East India Company saltpetre warehouses at Ratcliff
In Saturday night’s episode of the BBC drama Taboo, James Delaney was keen to acquire saltpetre, the main constituent of gunpowder. This resulted in a violent raid on the East India Company’s warehouse to steal a supply.
Saltpetre, or potassium nitrate, forms naturally in certain soils, or it can be manufactured by mixing decaying organic matter with alkalis. It was imported from India in large quantities by the East India Company . In June 1814, the homeward bound East India fleet arrived in the Channel carrying 23,199 barrels of saltpetre.
Because of its inflammable nature, the East India Company kept its saltpetre at a distance from the City of London. Most was stored at the Ratcliff saltpetre warehouses which stood to the south of Cock Hill in Shadwell. The original Company warehouses built in 1775 by George Wyatt at a cost of £16,000 were destroyed by fire in July 1794.
The Times reported that the fire began at the premises of Mr Cloves, a barge builder, when a pitch kettle that stood under his warehouse boiled over. As it was low water, the flames spread to an adjacent barge laden with saltpetre and other stores. ‘The blowing-up of the salt-petre from the barge, occasioned large flakes of fire to fall on the warehouses belonging to the East-India Company, from whence the salt-petre was removing to the Tower (20 tons of which had been fortunately taken the preceding day). The flames soon caught the warehouses, and here the scene became dreadful; the whole of these buildings were consumed, with all their contents, to a great amount. The wind blowing strong from the south, and the High-street of Ratcliffe being narrow, both sides caught fire, which prevented the engines from being of any essential service.’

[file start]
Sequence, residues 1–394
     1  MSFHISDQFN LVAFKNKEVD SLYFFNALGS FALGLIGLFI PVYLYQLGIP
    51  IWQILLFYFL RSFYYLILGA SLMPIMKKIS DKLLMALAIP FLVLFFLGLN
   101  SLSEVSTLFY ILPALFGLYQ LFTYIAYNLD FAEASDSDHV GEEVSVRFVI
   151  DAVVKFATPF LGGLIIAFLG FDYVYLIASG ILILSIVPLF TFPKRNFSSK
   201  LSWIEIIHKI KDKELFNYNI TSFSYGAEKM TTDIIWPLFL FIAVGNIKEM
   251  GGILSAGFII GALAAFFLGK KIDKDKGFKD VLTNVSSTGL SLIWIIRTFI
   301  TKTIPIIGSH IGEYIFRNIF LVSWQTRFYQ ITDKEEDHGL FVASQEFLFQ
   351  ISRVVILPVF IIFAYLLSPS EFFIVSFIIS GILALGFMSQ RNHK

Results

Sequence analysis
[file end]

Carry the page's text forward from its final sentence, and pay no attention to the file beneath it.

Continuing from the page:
‘The Saltpetre destroyed at the late fire at Ratcliffe, ran towards the Thames and had the appearance of cream-coloured lava; and when it had reached the water, flew up with a prodigious force in the form of an immense column. Several particles of the petre were carried by the explosion as far as Low Layton, a distance of near six miles.’
A fund was launched to provide relief for the hundreds of people who had lost their homes and their personal belongings, including working tools, in the fire. The Company subscribed 200 guineas to this fund and quickly set about rebuilding and enlarging the saltpetre warehouses with the addition of an embankment on the Thames.
The Ratcliff saltpetre warehouses have survived to the present day, escaping the threat of further fires and explosions to outlive the East India Company warehouses storing less dangerous cargoes. Two of the original three buildings have been restored.as part of the Free Trade Wharf development.
The Company arms appear over the 1796 gateway on The Highway side which was rebuilt in 1934.
I strongly recommend the walk from Limehouse Basin following the Thames path round to Free Trade Wharf. The views down the river are very impressive, especially on a sunny day.
Lead Curator, East India Company Records
The Times Friday 25 July 1794 p.2d; Saturday 26 July 1794 p.3d.
The India Office Records holds property documents for the Ratcliff saltpetre warehouses – IOR/L/L/2/969-1170.